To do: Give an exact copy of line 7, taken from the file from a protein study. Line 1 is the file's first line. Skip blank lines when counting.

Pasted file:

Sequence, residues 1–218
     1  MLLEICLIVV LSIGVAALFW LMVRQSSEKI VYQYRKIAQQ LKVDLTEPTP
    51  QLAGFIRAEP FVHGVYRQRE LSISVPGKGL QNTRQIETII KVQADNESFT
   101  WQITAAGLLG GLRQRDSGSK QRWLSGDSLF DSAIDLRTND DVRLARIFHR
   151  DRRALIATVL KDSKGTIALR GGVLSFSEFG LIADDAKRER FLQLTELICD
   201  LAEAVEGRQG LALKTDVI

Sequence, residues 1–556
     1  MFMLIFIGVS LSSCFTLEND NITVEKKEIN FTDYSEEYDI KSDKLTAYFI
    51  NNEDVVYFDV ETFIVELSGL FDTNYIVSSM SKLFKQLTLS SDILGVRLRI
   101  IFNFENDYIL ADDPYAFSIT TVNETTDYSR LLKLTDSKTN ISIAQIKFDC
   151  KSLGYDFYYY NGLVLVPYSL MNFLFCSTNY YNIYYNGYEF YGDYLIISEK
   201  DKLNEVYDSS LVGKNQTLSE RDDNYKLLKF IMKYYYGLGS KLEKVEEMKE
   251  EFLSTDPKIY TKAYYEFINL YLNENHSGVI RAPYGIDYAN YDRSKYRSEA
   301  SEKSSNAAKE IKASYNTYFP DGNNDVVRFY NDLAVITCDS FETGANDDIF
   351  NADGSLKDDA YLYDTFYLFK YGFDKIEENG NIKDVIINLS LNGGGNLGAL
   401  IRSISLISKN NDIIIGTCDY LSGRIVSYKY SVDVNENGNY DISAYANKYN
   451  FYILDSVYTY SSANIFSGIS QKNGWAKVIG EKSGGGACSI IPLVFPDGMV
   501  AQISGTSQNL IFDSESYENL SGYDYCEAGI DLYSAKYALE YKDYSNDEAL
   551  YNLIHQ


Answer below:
Sequence, residues 1–556